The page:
WASHINGTON — With many people still stymied in their efforts to buy insurance under the new health-care law, the Obama administration said Thursday that it would extend an expiring program for people with cancer, heart disease and other serious illnesses.
The extension provides a one-month reprieve for the program, known as the Pre-Existing Condition Insurance Plan.
About 135,000 people nationwide have enrolled in the program, which is essentially a high-risk pool sponsored by the federal government.
About 443 Washington state residents have coverage through the federal plan; another 3,675 have coverage under a state-run high-risk pool called the Washington State Health Insurance Pool (WSHIP).
- Unusual motel sting casts wide net on illicit activity
- Amanda Knox murder conviction overturned by Italy high court
- Priced out? Growing numbers appear to be fleeing King County
- 5 Seahawks takeaways from the NFL League Meetings
- Italian court throws out Knox conviction once and for all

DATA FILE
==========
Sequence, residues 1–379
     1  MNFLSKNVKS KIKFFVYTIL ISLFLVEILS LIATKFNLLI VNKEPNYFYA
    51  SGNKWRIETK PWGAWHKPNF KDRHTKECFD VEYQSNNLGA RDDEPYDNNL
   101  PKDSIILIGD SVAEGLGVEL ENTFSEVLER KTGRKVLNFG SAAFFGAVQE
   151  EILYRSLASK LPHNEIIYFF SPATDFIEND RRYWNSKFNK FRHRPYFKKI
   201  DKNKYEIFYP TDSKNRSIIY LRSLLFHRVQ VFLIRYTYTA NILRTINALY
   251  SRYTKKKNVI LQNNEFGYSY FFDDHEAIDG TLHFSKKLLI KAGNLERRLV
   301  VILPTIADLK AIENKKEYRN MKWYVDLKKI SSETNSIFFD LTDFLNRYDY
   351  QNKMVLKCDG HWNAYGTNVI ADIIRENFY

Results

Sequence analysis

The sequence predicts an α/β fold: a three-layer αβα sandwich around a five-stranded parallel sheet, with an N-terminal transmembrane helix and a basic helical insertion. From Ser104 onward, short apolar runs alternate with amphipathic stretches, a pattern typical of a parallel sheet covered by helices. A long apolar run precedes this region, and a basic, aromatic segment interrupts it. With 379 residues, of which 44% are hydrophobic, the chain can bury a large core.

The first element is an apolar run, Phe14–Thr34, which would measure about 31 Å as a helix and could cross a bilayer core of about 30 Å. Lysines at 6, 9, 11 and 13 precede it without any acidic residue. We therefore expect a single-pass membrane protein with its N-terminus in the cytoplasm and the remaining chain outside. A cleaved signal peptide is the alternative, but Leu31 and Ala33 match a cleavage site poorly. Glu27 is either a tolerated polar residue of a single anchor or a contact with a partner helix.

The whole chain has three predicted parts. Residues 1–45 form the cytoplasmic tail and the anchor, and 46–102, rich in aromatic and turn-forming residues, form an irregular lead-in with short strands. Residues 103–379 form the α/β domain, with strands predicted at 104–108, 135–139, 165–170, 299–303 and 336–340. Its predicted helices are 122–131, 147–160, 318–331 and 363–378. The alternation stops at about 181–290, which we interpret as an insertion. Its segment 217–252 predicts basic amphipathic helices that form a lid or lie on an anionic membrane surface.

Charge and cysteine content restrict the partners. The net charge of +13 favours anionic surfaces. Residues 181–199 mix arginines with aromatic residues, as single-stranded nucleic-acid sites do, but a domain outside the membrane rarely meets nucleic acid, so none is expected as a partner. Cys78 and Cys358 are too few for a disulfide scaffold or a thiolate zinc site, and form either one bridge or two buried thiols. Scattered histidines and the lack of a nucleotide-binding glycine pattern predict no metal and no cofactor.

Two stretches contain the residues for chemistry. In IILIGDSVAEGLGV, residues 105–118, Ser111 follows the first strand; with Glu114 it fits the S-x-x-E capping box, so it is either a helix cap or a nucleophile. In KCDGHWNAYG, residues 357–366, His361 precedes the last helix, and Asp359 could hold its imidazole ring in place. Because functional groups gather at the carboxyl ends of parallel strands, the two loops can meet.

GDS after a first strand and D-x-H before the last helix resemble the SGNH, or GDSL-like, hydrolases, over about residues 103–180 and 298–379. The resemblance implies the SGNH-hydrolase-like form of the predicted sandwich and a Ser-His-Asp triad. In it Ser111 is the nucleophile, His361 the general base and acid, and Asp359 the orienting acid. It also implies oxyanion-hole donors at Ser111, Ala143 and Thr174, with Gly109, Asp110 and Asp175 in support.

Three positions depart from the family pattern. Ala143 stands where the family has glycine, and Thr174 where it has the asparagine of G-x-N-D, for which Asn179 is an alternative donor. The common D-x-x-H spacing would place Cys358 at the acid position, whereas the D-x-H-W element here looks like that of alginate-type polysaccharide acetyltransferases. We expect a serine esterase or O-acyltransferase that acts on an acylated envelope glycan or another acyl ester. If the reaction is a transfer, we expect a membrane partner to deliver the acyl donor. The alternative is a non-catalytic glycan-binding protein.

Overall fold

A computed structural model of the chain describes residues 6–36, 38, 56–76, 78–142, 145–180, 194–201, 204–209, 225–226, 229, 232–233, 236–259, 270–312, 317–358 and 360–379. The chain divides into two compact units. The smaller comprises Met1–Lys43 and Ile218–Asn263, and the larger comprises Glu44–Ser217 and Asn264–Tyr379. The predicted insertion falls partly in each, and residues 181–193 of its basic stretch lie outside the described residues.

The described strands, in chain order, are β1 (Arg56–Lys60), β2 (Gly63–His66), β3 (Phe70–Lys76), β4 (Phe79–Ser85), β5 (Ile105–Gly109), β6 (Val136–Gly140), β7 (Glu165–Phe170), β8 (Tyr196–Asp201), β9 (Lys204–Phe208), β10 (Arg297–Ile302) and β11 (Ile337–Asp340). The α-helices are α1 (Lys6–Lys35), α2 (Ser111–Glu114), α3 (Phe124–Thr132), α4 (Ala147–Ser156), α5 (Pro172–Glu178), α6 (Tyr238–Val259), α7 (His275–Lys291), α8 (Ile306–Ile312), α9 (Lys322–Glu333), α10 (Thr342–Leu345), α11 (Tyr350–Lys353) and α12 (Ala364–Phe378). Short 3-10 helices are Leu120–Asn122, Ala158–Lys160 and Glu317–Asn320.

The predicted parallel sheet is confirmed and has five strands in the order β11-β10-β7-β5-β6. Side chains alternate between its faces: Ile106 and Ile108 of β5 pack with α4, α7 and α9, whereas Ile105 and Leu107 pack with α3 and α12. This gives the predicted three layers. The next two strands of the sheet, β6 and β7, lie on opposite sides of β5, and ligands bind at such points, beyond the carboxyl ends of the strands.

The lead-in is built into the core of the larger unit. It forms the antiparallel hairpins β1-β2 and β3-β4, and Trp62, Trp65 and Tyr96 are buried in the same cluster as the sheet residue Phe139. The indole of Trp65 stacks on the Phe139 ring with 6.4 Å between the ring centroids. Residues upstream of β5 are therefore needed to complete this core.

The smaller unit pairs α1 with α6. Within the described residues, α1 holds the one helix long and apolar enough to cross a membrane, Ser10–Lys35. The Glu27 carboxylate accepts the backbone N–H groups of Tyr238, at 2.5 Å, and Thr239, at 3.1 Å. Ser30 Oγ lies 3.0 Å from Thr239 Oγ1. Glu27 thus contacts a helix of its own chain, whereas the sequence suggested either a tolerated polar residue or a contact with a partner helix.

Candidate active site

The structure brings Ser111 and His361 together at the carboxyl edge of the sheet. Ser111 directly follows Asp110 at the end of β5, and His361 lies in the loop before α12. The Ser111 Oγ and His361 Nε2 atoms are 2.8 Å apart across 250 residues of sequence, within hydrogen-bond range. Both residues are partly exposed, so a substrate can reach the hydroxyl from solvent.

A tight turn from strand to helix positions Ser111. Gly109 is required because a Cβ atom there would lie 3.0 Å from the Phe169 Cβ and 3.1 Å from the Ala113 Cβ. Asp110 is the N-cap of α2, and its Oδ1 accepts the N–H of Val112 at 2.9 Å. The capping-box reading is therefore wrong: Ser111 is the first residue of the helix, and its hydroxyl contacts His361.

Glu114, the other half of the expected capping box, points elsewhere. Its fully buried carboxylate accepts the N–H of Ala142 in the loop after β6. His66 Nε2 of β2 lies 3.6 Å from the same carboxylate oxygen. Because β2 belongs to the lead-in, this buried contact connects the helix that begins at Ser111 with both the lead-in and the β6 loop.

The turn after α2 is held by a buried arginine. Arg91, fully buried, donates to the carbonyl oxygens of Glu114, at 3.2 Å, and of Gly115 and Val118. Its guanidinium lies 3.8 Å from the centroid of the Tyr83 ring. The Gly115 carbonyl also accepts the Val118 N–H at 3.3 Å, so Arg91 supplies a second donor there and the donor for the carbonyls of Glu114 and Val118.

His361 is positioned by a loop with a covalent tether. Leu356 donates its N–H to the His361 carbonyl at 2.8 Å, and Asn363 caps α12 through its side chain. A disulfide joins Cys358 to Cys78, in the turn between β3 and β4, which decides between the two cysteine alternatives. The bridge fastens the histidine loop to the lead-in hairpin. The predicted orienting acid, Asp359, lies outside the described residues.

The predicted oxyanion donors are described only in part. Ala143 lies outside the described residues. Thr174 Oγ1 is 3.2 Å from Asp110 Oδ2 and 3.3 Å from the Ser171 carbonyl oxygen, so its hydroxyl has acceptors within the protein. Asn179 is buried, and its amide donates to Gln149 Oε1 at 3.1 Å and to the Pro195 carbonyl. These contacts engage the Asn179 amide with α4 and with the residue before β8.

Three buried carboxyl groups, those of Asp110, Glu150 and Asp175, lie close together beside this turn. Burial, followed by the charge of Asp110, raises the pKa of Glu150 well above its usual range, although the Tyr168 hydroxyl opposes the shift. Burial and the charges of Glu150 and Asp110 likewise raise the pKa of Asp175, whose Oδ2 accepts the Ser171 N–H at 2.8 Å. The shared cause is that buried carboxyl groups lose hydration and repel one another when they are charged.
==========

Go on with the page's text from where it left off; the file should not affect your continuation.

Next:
Most Read Stories
Although the state pool is not accepting new applicants, those who currently have coverage can continue until Dec. 31, 2017; Medicare recipients in the pool won’t be discontinued.
The federal program was to end Dec. 31. Congress had assumed that it would no longer be needed because insurers would be prohibited from denying coverage, or charging higher rates, to people based on their health status or medical history.
Despite improvements in the website for the federal insurance marketplace, HealthCare.gov, some people say they still have difficulty using it to enroll in health plans.
Consumers have also had difficulty using websites for some insurance exchanges run by states.
Aaron Albright, a spokesman at the federal Centers for Medicare and Medicaid Services, said Thursday, “As part of our efforts to smooth the transition to the marketplaces for those seeking coverage that begins in January, we are taking steps to ensure that Americans enrolled in the federal PCIP insurance plan will not face a lapse when the new year begins.”